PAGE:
In what could only be described as annus horribilis for rugby union in Australia, 2017 will be left to historians to rake over the coals of a year that no Australian Super Rugby franchise could defeat any New Zealand rival. And that is the benchmark of rugby union here, to beat those pesky Kiwis across the ditch. The Wallabies lost to Scotland in June and were under the pump against the Auzzurri of Italy a week later. Not to mention the drubbing by New Zealand in Sydney in the first Bledisloe clash with 50 minutes of scintillating rugby from the World Champions to go to an unassailable 56-6 lead. The debacle of the way the ARU drew out the axing of the Western Force franchise showed such disdain that rugby has all but been obliterated from the Australian sporting landscape in 2017.

But for an unlikely source in Western Australia, larrikin billionaire mining magnate Andrew “Twiggy” Forrest, fuel has been thrown on the smouldering remains of the code by the announcement of the Indo-Pacific Rugby Championships (IPRC). Drawing on rugby aficionados from Singapore, Shanghai, Hong Kong and Fiji a six-team competition will begin in August 2018. Ideally it will be fully sanctioned by the ARU to allow another avenue for Wallaby selection, but as Twiggy says, “They’re not quite running at the same speed as we do!”

Twiggy’s bold plan.

Leading up to the first Rugby World Cup in Asia, hosted by Japan in 2019, this competition could capitalise on the hype developing in the region. There would need to be marque players, the likes of former Reds flanker Liam Gill have been mentioned, to attract more attention and add to the interest in this competition. If successful, there could be a relegation system with Super Rugby franchises in the current Super 15 format.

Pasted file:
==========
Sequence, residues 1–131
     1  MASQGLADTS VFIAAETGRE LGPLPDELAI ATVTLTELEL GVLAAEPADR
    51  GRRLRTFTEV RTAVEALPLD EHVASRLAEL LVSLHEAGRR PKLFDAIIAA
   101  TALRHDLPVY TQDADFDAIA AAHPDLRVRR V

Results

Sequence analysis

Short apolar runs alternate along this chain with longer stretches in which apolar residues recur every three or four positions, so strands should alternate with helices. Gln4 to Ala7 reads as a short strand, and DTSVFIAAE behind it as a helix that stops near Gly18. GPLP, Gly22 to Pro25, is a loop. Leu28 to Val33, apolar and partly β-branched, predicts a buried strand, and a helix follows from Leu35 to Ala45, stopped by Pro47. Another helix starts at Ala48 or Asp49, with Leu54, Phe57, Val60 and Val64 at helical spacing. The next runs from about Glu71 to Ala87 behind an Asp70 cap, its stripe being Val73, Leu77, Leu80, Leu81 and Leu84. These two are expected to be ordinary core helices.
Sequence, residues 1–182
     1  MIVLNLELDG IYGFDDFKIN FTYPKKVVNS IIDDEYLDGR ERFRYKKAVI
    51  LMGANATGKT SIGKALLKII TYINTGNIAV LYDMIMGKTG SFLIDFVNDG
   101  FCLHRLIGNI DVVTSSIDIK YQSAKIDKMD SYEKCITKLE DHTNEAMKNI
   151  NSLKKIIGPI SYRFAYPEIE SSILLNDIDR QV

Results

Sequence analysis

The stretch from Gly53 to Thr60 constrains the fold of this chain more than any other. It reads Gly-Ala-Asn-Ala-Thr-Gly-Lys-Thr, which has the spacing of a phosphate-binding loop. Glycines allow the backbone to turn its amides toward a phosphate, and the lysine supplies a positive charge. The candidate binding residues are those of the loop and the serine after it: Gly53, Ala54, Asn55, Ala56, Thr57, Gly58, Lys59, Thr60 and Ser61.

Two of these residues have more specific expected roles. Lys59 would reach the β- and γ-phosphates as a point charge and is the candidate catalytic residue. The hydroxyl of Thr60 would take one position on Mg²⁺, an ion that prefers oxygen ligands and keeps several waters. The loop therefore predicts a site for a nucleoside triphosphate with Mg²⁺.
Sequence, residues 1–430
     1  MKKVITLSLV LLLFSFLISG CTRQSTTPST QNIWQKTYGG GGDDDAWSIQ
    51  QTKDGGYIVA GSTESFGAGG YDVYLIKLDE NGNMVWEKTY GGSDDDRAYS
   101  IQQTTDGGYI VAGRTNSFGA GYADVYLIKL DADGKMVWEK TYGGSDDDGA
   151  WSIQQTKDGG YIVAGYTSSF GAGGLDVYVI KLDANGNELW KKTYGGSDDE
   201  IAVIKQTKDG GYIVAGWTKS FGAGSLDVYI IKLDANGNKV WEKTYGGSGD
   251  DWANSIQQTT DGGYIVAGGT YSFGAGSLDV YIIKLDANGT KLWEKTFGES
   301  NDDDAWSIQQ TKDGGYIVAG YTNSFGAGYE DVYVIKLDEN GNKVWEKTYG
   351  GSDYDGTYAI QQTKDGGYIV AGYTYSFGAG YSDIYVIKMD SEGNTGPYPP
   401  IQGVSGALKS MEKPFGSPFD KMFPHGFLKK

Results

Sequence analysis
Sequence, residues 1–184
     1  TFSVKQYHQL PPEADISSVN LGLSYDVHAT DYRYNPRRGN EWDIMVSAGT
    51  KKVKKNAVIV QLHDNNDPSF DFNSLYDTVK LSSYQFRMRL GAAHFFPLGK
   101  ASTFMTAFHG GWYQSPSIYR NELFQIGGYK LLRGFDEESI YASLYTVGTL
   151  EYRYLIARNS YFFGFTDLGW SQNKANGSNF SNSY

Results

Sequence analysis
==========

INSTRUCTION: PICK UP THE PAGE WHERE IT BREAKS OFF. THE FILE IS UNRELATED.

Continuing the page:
It could be a case of putting the cart ahead of the horse, but if such a competition could come off there is the potential for it to make a mark on the sporting landscape. Being able to financially compete with cashed up European and Japanese clubs could see the IPRC making a real identity for itself and it would of course seek endorsement from World Rugby.

 

I, for one, am hoping such a visionary concept could come off. The promotion of rugby in the fastest growing economies of the world is the real key for an international product that has huge growth potential with the upcoming World Cup 2019 in Japan.